About two-thirds of Medicaid children didn’t receive dental care in 2005, according to Centers for Medicare and Medicaid Services data for that year.
The American Academy of Pediatric Dentistry recommends that children have their first dental visit by their first birthday or with the appearance of the first tooth.
An Illinois law passed two years ago requires kindergartners, second- and sixth- graders to show proof of a dental exam to attend school, but experts say it’s largely a symbolic gesture.
“I think it’s the step in the right direction ... But given dental decay’s progression, it’s too late,” Punwani said. “By the time the average child starts kindergarten, one out of three already have tooth decay.”
With extensive cavities comes the need to find the right treatment and pain relief plan for children, some younger than 2. Punwani sees some of the most complicated cases as head of the University of Illinois at Chicago pediatric dental clinic, where as many as 30 children a day are treated on an emergency basis.

The death of 5-year-old Diamond Brownridge, who was over-sedated in a Chicago dentist’s office last September, was “an aberration,” Punwani said. Still, a state law recently passed as a result of her death promises to strengthen guidelines for dental equipment, monitoring and the training of dental assistants during sedations.
The pain-relief methods vary, depending on dentist and family preference. Some dentists use more natural methods, treating the child with a local anesthetic and plenty of positive reinforcement.
A more complicated case, such as Katelyn’s, generally requires an outpatient hospital visit with general anesthesia.
Seng Patthana and her husband, Khamphone, say they’ve cut down on sweets and now serve milk or water with meals to their daughters Katelyn and Kaylee, 5, who also had several cavities two years ago.
“It was an ordeal,” Seng Patthani said. “And it’s expensive. It’s better to prevent it.”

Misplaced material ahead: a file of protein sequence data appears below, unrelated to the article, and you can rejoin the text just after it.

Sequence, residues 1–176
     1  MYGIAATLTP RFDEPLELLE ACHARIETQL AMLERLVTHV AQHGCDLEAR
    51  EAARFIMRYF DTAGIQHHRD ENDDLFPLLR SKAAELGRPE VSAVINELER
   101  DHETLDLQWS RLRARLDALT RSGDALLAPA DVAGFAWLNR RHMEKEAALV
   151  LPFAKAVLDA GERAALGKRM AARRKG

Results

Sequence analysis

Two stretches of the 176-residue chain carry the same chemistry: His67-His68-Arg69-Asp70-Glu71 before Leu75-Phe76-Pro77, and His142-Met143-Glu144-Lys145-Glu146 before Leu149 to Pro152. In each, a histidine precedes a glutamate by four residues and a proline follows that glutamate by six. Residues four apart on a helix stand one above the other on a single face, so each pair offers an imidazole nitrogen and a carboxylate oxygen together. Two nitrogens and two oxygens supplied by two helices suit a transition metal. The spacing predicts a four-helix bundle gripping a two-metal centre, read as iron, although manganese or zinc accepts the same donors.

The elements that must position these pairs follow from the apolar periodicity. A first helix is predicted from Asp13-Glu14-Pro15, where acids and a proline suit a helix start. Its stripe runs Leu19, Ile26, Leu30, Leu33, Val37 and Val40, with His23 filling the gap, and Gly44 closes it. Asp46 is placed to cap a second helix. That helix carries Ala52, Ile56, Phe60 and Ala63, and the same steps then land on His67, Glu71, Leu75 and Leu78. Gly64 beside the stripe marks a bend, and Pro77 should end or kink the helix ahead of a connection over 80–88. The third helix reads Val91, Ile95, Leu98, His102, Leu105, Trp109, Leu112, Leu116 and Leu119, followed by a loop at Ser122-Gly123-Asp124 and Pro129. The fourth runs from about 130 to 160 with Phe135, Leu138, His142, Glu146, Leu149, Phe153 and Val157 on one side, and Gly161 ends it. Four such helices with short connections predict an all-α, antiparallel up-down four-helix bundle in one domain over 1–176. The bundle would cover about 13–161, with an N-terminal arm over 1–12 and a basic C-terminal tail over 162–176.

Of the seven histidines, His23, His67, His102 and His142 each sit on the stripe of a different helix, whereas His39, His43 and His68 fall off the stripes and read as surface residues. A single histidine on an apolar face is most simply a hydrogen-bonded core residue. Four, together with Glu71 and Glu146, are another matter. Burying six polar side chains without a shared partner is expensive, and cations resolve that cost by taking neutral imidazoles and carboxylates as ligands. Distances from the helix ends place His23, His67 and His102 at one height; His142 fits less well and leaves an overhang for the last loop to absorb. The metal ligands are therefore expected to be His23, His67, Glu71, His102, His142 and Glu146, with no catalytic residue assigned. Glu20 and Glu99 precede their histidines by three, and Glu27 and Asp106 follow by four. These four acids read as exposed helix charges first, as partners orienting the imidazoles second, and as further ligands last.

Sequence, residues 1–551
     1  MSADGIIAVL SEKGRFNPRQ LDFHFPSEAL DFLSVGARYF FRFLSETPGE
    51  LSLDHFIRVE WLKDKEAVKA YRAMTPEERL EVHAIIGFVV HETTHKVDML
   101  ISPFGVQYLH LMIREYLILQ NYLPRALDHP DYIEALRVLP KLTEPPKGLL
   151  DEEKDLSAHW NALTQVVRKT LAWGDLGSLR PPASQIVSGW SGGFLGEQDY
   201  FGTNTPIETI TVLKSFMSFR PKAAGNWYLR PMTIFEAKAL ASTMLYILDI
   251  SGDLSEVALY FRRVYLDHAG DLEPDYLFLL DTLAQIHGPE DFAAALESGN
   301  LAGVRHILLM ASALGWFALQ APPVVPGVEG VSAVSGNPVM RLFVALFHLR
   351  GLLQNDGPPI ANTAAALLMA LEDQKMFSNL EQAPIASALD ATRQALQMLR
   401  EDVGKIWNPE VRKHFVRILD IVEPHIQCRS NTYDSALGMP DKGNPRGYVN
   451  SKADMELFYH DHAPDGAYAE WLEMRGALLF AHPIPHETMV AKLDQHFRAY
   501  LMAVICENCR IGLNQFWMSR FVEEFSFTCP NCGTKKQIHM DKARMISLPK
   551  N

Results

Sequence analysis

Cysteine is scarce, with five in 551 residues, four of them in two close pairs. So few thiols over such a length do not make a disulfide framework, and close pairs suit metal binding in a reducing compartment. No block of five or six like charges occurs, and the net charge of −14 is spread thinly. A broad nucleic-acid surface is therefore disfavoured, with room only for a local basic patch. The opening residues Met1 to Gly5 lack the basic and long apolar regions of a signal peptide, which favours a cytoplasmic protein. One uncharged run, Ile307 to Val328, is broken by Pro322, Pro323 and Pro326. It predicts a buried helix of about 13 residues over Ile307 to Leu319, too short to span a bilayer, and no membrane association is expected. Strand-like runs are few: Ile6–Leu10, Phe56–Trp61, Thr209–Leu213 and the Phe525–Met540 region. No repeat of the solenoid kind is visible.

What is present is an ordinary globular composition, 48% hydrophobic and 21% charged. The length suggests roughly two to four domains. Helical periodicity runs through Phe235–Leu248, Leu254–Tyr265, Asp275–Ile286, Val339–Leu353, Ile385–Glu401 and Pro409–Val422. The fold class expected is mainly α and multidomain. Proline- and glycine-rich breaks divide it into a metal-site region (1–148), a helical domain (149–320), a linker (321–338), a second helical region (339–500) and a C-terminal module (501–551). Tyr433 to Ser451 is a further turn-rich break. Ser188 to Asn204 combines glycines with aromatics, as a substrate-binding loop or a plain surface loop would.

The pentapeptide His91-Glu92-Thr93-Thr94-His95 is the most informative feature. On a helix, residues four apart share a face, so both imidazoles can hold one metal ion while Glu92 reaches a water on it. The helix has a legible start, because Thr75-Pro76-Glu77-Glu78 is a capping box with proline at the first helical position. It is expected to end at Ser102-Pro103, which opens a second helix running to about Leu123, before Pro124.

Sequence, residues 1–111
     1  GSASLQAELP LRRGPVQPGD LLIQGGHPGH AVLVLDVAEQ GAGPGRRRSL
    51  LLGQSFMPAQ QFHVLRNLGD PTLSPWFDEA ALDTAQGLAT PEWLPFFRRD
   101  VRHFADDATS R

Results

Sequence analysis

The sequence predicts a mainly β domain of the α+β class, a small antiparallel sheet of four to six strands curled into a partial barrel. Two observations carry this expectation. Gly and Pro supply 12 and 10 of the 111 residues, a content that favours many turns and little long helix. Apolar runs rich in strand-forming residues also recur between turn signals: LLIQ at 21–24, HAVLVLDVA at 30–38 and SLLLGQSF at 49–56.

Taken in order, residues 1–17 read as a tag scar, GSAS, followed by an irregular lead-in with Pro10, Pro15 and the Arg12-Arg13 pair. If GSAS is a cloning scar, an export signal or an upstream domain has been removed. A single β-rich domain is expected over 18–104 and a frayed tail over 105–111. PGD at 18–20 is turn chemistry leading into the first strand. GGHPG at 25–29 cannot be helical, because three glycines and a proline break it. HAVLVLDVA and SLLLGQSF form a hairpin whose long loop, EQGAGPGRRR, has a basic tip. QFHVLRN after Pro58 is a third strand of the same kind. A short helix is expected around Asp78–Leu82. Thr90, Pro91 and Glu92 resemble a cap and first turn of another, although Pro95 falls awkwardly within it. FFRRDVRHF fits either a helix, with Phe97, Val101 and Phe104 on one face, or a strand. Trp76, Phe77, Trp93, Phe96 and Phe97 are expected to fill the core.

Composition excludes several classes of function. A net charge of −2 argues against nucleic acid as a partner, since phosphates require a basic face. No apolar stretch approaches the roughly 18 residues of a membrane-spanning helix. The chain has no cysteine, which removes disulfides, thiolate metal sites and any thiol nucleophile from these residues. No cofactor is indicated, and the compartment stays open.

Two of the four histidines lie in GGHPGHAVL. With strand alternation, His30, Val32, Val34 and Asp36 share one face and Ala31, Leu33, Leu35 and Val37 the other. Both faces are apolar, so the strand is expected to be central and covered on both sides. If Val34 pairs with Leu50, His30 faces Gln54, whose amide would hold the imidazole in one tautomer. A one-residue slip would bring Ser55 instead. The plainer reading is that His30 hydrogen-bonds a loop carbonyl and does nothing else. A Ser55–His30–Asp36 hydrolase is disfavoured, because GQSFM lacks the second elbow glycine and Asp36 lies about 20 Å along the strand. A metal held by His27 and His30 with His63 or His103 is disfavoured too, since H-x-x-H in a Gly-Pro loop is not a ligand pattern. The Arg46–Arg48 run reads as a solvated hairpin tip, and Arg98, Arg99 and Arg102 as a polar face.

Fluoridation is mandated in Illinois: NYSCOF

They blame non-fluoridated bottled water but do the really poor drink it?

Tuesday, November 27, 2007

IOM wma file

IOM Fluoride debate held as a wma file. "Opinion" is the debate and the other file is a phone-in. (The IOM radio archive will disappear on Sunday when the new programme is recorded)

IOM Fluoride debate

UK - IOM - Government flouridation scheme is unethical

Political viewpoint.
THE New Year will see the end of the Department of Health and Social Security's 'objective, year-long information awareness campaign' about the proposal to introduce fluoride into the public water supply.2008 will see the consultation phase before the Health Minister.
Eddie Teare MHK will discuss with his Council of Ministers colleagues whether to support this policy or not.For the record I should state that I am firmly opposed to such a measure which I regard as unnecessary and unethical.
I also recognise that others have a contrary view and welcome an opportunity for a full and open debate on such an important matter.
It is therefore sad that some within the Department of Health and Social Security seem to have lost their sense of perspective in this important area and issued a series of misleading and selectively chosen 'facts' to support their position.
For example hearing Pamela Crowe MLC and members for health repeatedly claim that young people regard mottled teeth caused by fluorosis as 'fashionable' might be amusing if it wasn't so important and offensive.
Then to hear Minister Teare try to justify and defend such absurd comments in Tynwald makes me wonder just how serious the DHSS is when it comes to genuinely hearing objections or concerns.The DHSS has also been reticent about how they will undertake next year's consultation and not surprisingly they have declined to advise the public how they will measure the responses.
So it is hardly surprising that the DHSS is allowing the active promotion of fluoridation even during what they describe as an 'objective year-long information awareness campaign'.
For the DHSS public health advisor in water fluoridation to encourage the public to 'lobby MHKs to fluoridate water in the Isle of Man' is blatant promotion of his view and at the same time is contrary to Minister Teare's undertaking to 'present the public with a range of balanced views based on facts'.Again in Tynwald Minister Teare brushed off any suggestion that such clearly biased behaviour was inappropriate even claiming such behaviour 'was not political'.